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Polycystic Ovary Syndrome (PCOS)

Polycystic ovary syndrome (PCOS) is a metabolic condition with or without polycystic ovaries. It is the most common hormonal disorder that affects women at reproductive age.

PCOS affects about 1 in 10 women at reproductive age and can occur from puberty until menopause.It is also more common to affect women and can affect more in some high-risk groups, such as Indigenous, Asian, North African and Caucasian European women.

PCOS is a common but treatable cause of infertility in women.

Women with PCOS may have a variety of symptoms which may change over their lifetime and include:

  • Irregular or no periods
  • Excess hair growth on the face or body
  • Acne on the face or upper body
  • Darkened skin patches (acanthosis nigricans) 
  • Weight gain
  • Difficulty losing weight leading to poorer body image
  • Thinning hair or hair loss on the scalp
  • Difficulty getting pregnant
  • Emotional problems such as anxiety and depression

High levels of androgens (male hormones) can prevent the ovaries from releasing an egg (ovulation) during each menstrual cycle and contribute to male traits such as excess hair and acne.

Insulin is the hormone that controls how the food we eat is converted into energy. Women with PCOS have high levels of insulin as their bodies do not respond normally to insulin and over time this leads to insulin resistance and an increased risk of long term diabetes. Insulin resistance also contributes to weight gain and difficulty losing weight.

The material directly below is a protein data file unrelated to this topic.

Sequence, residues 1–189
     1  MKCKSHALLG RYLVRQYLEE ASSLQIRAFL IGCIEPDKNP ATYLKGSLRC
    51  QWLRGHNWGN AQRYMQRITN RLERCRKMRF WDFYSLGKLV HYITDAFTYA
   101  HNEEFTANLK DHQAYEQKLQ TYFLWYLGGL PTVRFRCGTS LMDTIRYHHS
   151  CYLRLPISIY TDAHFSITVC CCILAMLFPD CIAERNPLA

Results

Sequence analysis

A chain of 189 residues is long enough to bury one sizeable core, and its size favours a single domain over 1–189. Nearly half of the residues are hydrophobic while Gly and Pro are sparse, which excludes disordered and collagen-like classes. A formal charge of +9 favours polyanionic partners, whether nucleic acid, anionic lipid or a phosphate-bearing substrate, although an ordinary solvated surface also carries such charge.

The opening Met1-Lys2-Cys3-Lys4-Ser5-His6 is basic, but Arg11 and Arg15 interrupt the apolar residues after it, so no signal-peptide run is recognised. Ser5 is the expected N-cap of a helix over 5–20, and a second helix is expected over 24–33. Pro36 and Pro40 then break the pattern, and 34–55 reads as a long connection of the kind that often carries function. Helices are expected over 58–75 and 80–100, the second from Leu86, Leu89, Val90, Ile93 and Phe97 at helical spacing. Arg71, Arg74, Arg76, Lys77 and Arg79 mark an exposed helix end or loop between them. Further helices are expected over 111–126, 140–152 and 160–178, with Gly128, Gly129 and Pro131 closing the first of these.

There is no cure for polycystic ovary syndrome but symptoms can be managed with medication, dietary and lifestyle changes which can improve your long term health and emotional well being. If you are diagnosed with PCOS it is possible you will need some assistance to get pregnant. 

As fertility in women begins to decline over the age of 35 it would be wise to seek professional help to

discuss and plan for future pregnancy before then. Please be in touch with our rooms for further assistance.

For further research, management tips and information on PCOS, you can also head to the Jean Hailes Website by using this link here -

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